The Hunt is an art-house classic; Rise of The Guardians falls flat

Cert 15 By Charlie Lyne

FIFTEEN YEARS since his breakthrough film Festen garnered a host of international awards, The Hunt looks set to re-establish Danish director Thomas Vinterberg as an art house force to be reckoned with.

Mads Mikkelson plays Lucas, a nursery school teacher in a small Danish village who is falsely accused of sexually abusing a young girl. His quiet incredulity at the accusation leaves him unable (and seemingly unwilling) to defend himself. With devastating clarity, Vinterberg shows us a man reduced from beloved pillar of the community to vilified outcast in a matter of days. Mikkelsen brings unshowy depth to a character who in lesser hands might have been little more than an uncomplicated saint at the mercy of his surroundings.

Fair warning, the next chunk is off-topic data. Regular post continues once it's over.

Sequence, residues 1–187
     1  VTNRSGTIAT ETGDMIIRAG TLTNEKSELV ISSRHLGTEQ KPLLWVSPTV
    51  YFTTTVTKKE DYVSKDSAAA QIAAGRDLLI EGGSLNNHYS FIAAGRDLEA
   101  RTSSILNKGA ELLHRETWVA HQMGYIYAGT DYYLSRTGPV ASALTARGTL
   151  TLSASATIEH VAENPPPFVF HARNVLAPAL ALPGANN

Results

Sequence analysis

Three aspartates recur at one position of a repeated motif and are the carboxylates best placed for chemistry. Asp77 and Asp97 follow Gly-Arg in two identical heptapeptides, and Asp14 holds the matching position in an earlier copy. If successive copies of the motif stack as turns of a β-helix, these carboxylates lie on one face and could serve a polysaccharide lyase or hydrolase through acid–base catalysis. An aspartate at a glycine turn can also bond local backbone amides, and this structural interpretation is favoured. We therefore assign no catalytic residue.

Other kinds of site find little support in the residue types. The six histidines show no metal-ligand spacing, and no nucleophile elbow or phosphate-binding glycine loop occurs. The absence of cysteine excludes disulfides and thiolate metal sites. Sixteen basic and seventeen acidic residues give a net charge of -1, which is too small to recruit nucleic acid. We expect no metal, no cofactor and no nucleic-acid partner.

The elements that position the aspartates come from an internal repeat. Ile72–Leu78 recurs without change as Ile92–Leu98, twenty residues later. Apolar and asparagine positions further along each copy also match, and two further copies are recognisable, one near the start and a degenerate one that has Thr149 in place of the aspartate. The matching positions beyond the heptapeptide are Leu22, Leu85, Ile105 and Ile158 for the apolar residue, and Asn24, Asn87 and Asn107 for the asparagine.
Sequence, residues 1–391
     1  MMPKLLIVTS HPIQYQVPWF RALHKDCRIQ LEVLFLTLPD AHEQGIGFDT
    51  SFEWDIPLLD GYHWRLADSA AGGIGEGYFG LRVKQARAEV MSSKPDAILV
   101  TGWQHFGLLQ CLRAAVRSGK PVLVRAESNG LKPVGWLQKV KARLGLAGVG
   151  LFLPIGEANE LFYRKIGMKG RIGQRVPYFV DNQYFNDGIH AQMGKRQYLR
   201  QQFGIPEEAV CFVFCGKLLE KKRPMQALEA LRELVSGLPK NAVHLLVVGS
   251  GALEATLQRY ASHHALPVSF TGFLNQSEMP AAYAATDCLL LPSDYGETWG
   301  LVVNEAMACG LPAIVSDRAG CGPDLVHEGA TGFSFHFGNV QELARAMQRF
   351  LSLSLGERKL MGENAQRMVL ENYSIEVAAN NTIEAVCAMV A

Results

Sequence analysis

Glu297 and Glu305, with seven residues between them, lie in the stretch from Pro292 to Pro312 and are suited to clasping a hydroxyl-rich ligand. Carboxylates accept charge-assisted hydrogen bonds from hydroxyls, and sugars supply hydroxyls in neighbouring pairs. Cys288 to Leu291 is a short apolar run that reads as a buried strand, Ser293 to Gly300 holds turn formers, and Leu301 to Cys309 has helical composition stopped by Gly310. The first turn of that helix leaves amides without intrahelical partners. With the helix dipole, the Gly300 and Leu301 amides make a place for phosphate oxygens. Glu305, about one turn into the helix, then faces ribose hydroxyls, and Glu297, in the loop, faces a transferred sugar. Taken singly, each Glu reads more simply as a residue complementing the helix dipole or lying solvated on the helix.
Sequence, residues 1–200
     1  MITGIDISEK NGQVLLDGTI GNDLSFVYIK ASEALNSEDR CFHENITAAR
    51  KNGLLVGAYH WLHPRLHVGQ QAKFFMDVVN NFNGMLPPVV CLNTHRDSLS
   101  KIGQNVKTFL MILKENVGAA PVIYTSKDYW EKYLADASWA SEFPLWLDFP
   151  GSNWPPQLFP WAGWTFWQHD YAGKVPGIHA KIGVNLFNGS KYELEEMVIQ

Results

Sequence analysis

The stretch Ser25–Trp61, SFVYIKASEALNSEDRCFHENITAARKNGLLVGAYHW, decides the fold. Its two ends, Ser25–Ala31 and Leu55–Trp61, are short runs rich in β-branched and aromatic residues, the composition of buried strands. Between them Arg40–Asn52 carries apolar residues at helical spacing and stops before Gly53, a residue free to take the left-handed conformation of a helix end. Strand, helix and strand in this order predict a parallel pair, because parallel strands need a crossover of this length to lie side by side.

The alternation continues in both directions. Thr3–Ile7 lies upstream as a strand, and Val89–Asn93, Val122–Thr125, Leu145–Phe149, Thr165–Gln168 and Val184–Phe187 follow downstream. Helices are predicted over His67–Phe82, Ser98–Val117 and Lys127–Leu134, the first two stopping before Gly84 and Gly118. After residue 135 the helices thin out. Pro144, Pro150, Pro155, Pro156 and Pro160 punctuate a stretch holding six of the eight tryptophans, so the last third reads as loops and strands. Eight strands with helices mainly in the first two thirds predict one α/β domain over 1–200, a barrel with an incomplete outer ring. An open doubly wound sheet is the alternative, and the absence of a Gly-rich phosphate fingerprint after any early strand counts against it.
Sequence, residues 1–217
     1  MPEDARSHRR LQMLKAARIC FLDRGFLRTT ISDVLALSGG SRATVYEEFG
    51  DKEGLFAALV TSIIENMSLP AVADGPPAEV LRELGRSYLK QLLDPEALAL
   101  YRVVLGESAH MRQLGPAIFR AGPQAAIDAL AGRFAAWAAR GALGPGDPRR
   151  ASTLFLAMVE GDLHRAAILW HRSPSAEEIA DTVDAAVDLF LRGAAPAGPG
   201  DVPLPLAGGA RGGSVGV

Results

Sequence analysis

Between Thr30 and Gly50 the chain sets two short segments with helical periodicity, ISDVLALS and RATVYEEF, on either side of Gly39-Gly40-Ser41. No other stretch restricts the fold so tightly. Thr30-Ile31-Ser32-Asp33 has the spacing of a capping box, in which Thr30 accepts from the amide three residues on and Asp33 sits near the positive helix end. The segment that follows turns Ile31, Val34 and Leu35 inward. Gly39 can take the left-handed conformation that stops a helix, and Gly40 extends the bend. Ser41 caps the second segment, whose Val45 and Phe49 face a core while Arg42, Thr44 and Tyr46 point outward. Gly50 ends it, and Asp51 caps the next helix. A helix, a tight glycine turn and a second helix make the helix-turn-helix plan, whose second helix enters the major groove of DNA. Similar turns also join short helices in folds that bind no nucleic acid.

Cert PG By Alex Dymoke

FESTIVE ANIMATION Rise of the Guardians features Santa Claus (Alec Baldwin), the Easter Bunny (Hugh Jackman), the tooth-fairy, a gold creature who makes dreams, a flying boy who can turn things to ice, and a Voldemort-type character who conjures nightmares.

While Dreamworks have obviously made good use of their “things that appeal to children” spider-diagram, the hodgepodge of characters and ideas makes for an unappetisingly bitty virtual world.

Despite some spectacular action sequences and some decent writing, Rise of the Guardians fails to meet the high standards set by the major animation studios.